May 12, 2017
by Canadian Architect
Completed last year, the Okada-Marshall House is located in East Sooke, B.C. Photo: D’Arcy Jones.
D’Arcy Jones Architecture
D’Arcy Jones Architecture (DJA) is a nine-person studio that was founded in 2005 by D’Arcy Jones, MRAIC. A graduate of the University of Manitoba and Dalhousie University, Jones worked on his own from 2000 to 2005. DJA’s projects are largely residential, but also include commercial spaces, art galleries, renovations and interiors.
Vancouver’s raw-edged Monte Clark Gallery was carved from the shell of a derelict industrial building. Photo: Sama Jim Canzian
At a time when nearly 1,000 demolition permits are issued annually in Vancouver, DJA embraces the adaptive re-use of older buildings as an opportunity for architectural innovation and recycling. For example, in the Waddell-Kunigk Renovation, the studio brought new life, light, and views to a 1940s Vancouver bungalow by lifting it eight feet, turning the base-ment into the main living space and the former living area into a bedroom level. For the Monte Clark Gallery, which occupies two rough-and-tumble bulldozer repair bays in an industrial warehouse, DJA designed a modular and re-mountable system of drywall-clad plywood and steel panels. The new space’s character is determined by the existing industrial grit and patina, revealed and featured in quirky ways.
Design decisions often flow from a motivation for clients to inhabit their projects with ease. Raw steel, exposed concrete and untreated wood are preferred as finish materials, since they are complete once they are installed. At the Friesen-Wong House in Coldstream, B.C. the Japanese-style charred wood exterior siding will never need stain or paint. The house’s long cantilevered concrete slabs have a custom-designed thermal break that maintains a complete insulation plane enveloping the whole building. Even in hot summers, the house is comfortable without air conditioning.
The Friesen-Wong House cantilevers outwards from a rocky ridge overlooking a river in B.C.’s Okanagan Valley. Photo: Martin Tessler
Sustainability is also integrated in DJA’s design process, which favours craft-intensive details with common building materials over exotic non-local materials. The heights of parapets and exterior walls is often set by the longest available siding board lengths, or a module that can be cut with no waste. DJA strives to leverage skilled regional labour, contributing to keeping the craft of construction alive.
Satisfied clients for the Abenbare House in Toronto, a 1950s bungalow renovation, described their experience this way: “There was a personal touch, an openness to incorporate all ideas and thoughts with no presumption that there was only one answer. What impressed us, beyond Jones’ visionary design, was just how cost-conscious he was with our money.”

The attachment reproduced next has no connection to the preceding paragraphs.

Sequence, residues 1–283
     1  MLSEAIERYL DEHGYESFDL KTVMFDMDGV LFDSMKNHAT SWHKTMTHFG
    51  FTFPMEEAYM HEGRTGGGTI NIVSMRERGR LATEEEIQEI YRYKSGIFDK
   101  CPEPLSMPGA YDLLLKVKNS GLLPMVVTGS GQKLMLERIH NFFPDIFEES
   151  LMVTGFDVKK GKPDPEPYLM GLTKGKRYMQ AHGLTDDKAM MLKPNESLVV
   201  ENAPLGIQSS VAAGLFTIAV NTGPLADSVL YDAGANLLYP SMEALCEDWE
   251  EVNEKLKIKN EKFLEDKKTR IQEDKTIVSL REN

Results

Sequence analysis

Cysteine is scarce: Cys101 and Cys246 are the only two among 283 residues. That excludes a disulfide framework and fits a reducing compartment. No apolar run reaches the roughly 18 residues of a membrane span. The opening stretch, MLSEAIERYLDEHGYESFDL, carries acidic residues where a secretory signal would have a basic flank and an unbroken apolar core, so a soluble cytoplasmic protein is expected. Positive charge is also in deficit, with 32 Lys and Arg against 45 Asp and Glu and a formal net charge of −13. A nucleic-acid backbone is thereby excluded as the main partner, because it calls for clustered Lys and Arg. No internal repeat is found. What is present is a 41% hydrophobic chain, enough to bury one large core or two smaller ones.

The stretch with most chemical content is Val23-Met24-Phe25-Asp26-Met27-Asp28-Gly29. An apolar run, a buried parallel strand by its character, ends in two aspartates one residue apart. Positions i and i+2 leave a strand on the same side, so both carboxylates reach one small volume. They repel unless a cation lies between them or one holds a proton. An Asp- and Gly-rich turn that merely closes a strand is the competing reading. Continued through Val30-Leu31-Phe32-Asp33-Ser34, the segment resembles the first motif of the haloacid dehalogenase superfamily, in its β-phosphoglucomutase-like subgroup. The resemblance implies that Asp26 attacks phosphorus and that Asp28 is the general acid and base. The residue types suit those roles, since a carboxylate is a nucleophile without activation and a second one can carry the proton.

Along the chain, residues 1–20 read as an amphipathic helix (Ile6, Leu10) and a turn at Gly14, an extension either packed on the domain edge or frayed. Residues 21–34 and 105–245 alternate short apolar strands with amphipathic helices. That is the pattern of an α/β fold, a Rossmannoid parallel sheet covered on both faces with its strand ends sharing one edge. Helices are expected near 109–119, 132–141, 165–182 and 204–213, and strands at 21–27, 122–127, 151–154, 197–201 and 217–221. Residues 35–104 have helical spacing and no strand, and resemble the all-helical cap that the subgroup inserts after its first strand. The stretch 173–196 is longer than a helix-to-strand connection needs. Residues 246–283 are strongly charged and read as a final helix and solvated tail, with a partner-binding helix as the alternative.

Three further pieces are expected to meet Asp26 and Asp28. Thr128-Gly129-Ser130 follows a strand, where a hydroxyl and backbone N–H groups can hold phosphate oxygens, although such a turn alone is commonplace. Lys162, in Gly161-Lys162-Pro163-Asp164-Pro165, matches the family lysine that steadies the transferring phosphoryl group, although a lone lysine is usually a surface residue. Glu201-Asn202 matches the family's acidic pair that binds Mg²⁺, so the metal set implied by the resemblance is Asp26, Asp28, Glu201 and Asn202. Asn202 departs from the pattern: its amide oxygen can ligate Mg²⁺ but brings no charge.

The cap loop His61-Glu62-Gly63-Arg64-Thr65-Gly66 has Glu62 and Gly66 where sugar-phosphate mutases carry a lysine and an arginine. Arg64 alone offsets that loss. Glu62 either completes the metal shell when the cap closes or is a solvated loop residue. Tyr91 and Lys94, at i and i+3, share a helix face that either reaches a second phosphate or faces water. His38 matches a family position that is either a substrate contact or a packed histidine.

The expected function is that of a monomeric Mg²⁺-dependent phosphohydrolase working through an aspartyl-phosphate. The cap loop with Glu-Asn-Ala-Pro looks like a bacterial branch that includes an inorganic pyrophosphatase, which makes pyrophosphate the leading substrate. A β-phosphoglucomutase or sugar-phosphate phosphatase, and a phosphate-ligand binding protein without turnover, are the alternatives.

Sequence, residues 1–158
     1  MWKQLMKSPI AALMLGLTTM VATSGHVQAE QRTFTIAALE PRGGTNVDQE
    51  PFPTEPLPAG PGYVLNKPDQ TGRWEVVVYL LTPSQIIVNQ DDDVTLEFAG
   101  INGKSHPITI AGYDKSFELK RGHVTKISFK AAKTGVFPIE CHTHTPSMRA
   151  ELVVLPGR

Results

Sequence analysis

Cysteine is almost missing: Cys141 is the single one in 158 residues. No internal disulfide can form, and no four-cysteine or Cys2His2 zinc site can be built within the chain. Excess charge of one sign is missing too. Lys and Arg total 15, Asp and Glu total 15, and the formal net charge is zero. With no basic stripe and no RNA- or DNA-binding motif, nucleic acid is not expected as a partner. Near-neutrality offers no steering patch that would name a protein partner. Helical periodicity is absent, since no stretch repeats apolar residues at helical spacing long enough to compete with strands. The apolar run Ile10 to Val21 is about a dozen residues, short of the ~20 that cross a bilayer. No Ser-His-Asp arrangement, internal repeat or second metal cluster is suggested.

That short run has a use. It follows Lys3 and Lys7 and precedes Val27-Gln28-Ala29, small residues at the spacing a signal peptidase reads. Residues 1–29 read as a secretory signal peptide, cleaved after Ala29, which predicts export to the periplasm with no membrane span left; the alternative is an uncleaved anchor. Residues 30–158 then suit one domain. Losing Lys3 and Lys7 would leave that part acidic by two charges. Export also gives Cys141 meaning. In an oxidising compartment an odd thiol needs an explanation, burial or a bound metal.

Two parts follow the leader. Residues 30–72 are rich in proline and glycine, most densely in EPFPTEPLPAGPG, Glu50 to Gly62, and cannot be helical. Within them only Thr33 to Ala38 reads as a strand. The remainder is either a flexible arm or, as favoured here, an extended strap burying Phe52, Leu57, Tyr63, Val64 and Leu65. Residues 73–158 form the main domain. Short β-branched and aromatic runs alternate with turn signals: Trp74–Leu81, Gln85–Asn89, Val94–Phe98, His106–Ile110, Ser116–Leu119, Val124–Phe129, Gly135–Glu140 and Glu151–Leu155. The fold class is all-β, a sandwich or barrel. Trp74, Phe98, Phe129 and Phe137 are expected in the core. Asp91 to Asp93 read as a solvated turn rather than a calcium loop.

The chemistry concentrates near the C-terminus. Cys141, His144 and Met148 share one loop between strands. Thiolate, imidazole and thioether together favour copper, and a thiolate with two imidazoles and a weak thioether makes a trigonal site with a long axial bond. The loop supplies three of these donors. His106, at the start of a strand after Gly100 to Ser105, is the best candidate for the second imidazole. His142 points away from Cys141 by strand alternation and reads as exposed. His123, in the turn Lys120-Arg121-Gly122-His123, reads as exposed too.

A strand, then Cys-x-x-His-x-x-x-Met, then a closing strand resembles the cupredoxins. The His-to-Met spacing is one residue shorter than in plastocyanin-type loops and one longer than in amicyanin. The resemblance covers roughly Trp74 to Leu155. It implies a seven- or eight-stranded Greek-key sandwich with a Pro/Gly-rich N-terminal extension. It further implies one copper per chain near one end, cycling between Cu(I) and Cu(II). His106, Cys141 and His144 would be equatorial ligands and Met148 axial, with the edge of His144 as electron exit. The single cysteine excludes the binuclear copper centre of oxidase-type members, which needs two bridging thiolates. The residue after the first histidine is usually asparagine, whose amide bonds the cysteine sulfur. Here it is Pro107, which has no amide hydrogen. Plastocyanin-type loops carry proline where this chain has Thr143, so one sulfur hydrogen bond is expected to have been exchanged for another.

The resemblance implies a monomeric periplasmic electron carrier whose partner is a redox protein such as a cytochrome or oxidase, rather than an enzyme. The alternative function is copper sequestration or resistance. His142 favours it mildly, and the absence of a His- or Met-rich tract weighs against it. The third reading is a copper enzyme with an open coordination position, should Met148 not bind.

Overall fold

DJA has current and completed projects throughout British Columbia, as well as in Ontario, Switzerland, California and Washington. Through competitions, design panels, teaching, lectures and juries, the studio strives to be a critical contributor to contemporary architectural culture.
The firm has won numerous awards, including a 2016 Vancouver Urban Design Award, two Canadian Architect Awards of Merit and the inaugural Arthur Erickson Memorial Award. In 2014, Jones won the Ronald J. Thom Award for Early Design Achievement from the Canada Council for the Arts, which recognizes outstanding creative talent and potential in architectural design early in a career.
:: Jury ::
The work demonstrates a thorough understanding of construction. The projects are carefully and intensely detailed. They show thoughtful attention to creating spatial variety, and reflect a good command of the creative selection and execution of constructed materials. The skillful integration of interior and exterior spaces is particularly well-executed, resulting in an architecture that is poetic.
In Toronto, the streamlined Abenbare House builds on the foundations of a 1950s bungalow. Photo: Bob Gundu
For the Waddell-Kunigk Renovation, DJA lift-ed a bungalow up eight feet, converting the former basement into living spaces and the attic into an office and playroom. Photo: Martin Tessler
The 430 House retained the foundation and structure of the previous home, revamping its exterior skin and interiors. Photo: Sama Jim Canzian
Built for an extended family, the Yan Residence combines three autonomous living units on a one-acre lot. Photo: Ema Peter
The Brown House includes a 1,200-square-foot cabin, woodshed, and courtyard built across from an existing log cabin on Hornby Island, B.C. Photo: Sama Jim Canzian